1. If you, the ISD/IT unit, are your own customer for the subject project, IE: server upgrades, security upgrades, etc., then it is certainly a technology project.
  2. If the customer is a business unit with specific business demands that drive the development of the subject system, it is much wiser to consider it a business project and keep the business stakeholders as close to the project as practical.

As stated above, it is most critical to realize that there are many “life cycles” or sub-life cycles within a project with the Project Management Life Cycle (PMLC) serving as the point of integration for them all (Exhibit 1).

Integrating Various Life Cycle Concerns

Exhibit 1: Integrating Various Life Cycle Concerns

As depicted above, the PMLC is the main point of integration for the project’s various life cycle deliverables. Managing the project “swim lanes” is the key role and responsibility of the project manager. When this level of life cycle cognizance is present in the project, integration, communication and execution are made much easier for all involved.

Adapting Traditional Approaches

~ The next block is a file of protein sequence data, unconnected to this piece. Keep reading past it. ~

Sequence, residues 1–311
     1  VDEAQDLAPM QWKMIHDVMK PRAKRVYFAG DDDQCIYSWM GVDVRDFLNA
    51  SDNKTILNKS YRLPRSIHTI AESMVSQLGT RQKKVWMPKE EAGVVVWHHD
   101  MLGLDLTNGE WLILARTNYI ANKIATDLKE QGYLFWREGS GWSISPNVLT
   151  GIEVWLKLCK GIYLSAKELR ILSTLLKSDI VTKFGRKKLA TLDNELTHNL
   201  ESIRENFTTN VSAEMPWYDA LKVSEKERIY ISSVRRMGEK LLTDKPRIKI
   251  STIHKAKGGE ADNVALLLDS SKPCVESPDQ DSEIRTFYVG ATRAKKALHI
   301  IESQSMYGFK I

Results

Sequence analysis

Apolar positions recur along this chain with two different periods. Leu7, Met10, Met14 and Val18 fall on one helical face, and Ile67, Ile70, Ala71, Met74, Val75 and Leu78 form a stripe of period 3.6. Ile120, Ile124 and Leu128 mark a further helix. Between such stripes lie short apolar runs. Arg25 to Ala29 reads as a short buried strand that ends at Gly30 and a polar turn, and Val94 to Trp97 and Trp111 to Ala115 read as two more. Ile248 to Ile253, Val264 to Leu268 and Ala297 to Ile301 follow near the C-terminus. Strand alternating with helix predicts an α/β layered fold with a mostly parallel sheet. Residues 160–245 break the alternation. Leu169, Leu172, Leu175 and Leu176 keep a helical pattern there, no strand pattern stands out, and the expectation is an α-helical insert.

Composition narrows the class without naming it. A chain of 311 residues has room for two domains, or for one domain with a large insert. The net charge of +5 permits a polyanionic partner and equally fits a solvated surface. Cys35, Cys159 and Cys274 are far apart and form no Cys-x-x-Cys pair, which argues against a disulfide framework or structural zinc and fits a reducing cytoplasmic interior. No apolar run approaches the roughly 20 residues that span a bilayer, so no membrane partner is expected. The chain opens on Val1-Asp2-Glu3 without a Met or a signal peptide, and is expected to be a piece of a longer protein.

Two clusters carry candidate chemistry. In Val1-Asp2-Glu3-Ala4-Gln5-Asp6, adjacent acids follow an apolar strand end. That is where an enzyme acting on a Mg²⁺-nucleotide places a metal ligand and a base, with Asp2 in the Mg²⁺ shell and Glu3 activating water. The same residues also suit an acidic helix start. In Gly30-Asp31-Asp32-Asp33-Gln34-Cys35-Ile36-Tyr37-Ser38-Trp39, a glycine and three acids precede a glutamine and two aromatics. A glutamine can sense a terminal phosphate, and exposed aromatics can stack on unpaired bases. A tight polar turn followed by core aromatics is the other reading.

The inherent complexities and constraints of accelerated projects require us to adapt and integrate multiple and traditional project management and system design methods. The table below (Exhibit 2) lists a few of the traditional SDLC approaches ranging from Linear to Extreme categories and their respective practices-methods.

Traditional SDLC Approaches

Exhibit 2: Traditional SDLC Approaches

Exhibit 3 below illustrates the range of scope-technical cognizance (certain to uncertain) and the general application of SDLC categories across the range of certainty - uncertainty.

SDLC Approaches and the Range of Scope-Technical Cognizance

Exhibit 3: SDLC Approaches and the Range of Scope-Technical Cognizance

Establishing life cycle cognizance first and adapting development models for technical scope deliverables second has yielded elevated results in our project assignments. This proper “structuring” of the project, IE: life cycle cognizance, appears to be in line with the findings of John McManus (2003) where he posits that managerial issues account for 65% of project failures and technical issues for 35% of project failures as listed below.